In support of AUUC’s focus on Racial Justice this and into next church year, Nancy Davis compiled a bibliography of books, films and other media on racial justice issues, Black history, and trailblazers. This listing includes items for young children, upper elementary and middle school age, young adults, and adults: Racial Justice Resources Bibliography or https://tinyurl.com/4g3umrus. Please note there are multiple “sheets,” including summaries of many of the items listed on the first sheet. To help grow and expand this bibliography, please share titles that you’ve read or viewed related to racial justice with Nancy at [email protected].
Additional Resources for Further Study
- Why we need to diversify our reading material: A list of 24 books by Black authors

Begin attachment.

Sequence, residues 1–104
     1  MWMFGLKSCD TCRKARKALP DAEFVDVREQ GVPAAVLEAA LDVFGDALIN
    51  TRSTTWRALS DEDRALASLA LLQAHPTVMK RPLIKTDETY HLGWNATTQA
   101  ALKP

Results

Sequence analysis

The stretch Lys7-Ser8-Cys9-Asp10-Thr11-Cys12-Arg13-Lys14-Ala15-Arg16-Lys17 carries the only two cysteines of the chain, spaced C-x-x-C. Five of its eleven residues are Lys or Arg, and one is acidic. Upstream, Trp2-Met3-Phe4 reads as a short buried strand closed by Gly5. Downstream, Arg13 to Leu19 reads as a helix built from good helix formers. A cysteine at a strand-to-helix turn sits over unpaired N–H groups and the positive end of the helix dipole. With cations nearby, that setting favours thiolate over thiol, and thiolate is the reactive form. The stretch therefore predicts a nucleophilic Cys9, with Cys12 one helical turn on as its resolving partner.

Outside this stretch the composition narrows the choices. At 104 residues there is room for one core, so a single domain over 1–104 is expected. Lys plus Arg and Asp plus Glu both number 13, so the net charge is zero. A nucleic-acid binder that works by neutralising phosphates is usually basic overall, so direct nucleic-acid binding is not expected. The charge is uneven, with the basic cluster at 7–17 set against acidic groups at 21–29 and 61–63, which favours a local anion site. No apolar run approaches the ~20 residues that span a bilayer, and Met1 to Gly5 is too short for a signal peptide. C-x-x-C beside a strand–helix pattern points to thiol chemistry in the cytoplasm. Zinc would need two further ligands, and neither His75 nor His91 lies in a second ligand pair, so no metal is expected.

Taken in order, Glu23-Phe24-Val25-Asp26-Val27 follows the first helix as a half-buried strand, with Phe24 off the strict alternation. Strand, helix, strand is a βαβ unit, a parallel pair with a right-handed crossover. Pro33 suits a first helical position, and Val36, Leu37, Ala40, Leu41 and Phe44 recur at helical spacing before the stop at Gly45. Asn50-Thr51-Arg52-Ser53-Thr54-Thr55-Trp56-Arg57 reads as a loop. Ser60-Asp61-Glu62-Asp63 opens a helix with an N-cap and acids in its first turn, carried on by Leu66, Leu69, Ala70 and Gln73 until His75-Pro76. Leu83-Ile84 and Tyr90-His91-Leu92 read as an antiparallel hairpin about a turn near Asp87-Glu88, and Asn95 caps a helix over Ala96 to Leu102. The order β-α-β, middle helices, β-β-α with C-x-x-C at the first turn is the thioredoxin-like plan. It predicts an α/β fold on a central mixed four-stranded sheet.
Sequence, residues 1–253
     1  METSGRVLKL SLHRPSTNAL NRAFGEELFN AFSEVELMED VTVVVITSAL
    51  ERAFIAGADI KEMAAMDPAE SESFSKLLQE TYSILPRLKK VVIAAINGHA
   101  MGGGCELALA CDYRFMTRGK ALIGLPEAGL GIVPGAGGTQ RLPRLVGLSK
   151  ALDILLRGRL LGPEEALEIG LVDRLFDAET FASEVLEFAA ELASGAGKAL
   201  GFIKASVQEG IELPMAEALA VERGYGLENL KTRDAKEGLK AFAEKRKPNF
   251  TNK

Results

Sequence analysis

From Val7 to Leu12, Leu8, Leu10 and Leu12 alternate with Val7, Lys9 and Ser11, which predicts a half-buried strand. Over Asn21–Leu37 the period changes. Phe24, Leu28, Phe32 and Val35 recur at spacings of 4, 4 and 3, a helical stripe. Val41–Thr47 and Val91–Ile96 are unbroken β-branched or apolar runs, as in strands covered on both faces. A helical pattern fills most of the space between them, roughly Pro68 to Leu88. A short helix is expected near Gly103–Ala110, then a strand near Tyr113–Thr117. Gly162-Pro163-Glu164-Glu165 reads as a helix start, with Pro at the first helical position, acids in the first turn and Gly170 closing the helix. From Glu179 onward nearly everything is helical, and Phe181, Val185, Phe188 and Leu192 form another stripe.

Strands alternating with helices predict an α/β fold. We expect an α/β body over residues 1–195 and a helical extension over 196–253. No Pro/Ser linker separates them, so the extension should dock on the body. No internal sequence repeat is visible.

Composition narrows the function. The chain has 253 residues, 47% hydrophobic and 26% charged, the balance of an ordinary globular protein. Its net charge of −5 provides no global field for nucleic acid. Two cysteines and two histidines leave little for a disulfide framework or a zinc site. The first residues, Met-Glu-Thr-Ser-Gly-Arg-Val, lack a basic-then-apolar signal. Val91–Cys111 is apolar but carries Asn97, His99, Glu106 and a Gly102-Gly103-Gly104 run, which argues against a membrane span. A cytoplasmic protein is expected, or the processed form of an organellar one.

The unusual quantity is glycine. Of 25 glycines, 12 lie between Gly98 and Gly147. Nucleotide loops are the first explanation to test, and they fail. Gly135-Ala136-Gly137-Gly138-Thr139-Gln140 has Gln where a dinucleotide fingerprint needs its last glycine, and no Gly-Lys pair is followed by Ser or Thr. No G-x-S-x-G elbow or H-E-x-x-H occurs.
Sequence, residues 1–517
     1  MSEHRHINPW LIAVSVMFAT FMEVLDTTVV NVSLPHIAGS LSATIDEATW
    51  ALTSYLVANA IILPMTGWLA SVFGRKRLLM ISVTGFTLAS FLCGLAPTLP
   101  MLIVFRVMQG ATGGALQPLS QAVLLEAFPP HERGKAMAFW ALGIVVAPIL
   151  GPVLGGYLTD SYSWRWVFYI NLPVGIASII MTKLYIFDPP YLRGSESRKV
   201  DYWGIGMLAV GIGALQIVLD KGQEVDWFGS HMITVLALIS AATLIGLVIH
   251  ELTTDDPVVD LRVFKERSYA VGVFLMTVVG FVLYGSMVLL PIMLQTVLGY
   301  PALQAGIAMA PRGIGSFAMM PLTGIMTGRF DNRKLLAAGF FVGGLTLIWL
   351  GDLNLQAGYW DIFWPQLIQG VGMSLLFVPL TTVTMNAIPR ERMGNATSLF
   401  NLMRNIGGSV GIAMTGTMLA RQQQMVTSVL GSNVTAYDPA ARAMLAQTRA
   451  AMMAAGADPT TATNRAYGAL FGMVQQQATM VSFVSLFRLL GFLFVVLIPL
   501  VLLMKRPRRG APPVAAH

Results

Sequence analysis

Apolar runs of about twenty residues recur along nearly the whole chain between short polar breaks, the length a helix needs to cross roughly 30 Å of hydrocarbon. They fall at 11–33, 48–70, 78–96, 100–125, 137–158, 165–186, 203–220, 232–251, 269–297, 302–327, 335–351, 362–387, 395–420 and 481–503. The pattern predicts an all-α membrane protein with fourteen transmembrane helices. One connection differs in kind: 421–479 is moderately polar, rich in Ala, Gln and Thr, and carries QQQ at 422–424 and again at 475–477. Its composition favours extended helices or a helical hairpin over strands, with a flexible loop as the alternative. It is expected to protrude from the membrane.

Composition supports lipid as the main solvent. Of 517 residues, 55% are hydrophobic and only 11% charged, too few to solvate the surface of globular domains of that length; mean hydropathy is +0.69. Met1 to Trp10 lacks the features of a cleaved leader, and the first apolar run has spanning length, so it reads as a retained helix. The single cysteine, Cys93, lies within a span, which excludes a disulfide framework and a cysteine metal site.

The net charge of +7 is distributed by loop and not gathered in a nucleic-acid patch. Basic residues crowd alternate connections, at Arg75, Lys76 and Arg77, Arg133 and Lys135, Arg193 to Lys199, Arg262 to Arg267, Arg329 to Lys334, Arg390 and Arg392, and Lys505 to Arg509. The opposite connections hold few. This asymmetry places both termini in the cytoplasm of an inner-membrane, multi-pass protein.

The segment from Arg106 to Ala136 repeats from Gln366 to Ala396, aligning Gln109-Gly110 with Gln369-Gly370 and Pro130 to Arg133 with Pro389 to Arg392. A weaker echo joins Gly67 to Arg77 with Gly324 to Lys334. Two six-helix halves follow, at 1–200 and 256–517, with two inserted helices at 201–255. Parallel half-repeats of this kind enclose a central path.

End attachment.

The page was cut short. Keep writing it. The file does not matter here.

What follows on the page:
- The Children’s Diversity and Justice Library Books on Beloved Community
RACISM & HISTORY OF RACISM (KIDS):
- Let’s Talk about Race by Julius Lester (Ages K-2)
- The Boy Who Asked Why by Bhimrao Ambedkar, about the struggle for equality in India (Grades 2-4)
- Stamped: Racism, Antiracism, and You by Jason Reynolds and Ibram X. Kendi (Middle School Age and up), a “not-history” book about the constructs of race and racism. Note: A younger version is coming out in 2021.
- Watsons Go to Birmingham by Christopher Paul Harris (Grades 4-7)
- We Rise, We Resist, We Raise our Voices a collection of fifty diverse authors, edited by Wade Hudson and Cheryl Willis Hudson (Grades 3-7).
RACISM & HISTORY OF RACISM (ADULTS):
- Enslaved.org a searchable database about slavery
- In Between by Mark Morrison-Reed, a personal account of growing up Black during the Civil Rights era
- The New York Times 1619 Podcast hosted by Nikole Hannah-Jones, examines the long shadow of American slavery.
- Stamped From the Beginning by Ibram X. Kendi
- Talking About Race a website by the National Museum of African American History and Culture